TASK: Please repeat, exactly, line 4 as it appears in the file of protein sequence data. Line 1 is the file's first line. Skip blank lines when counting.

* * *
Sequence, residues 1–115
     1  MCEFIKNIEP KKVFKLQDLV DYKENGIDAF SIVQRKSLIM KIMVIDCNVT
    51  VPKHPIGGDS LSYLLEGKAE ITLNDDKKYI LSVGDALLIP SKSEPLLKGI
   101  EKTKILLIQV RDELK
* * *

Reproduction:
   101  EKTKILLIQV RDELK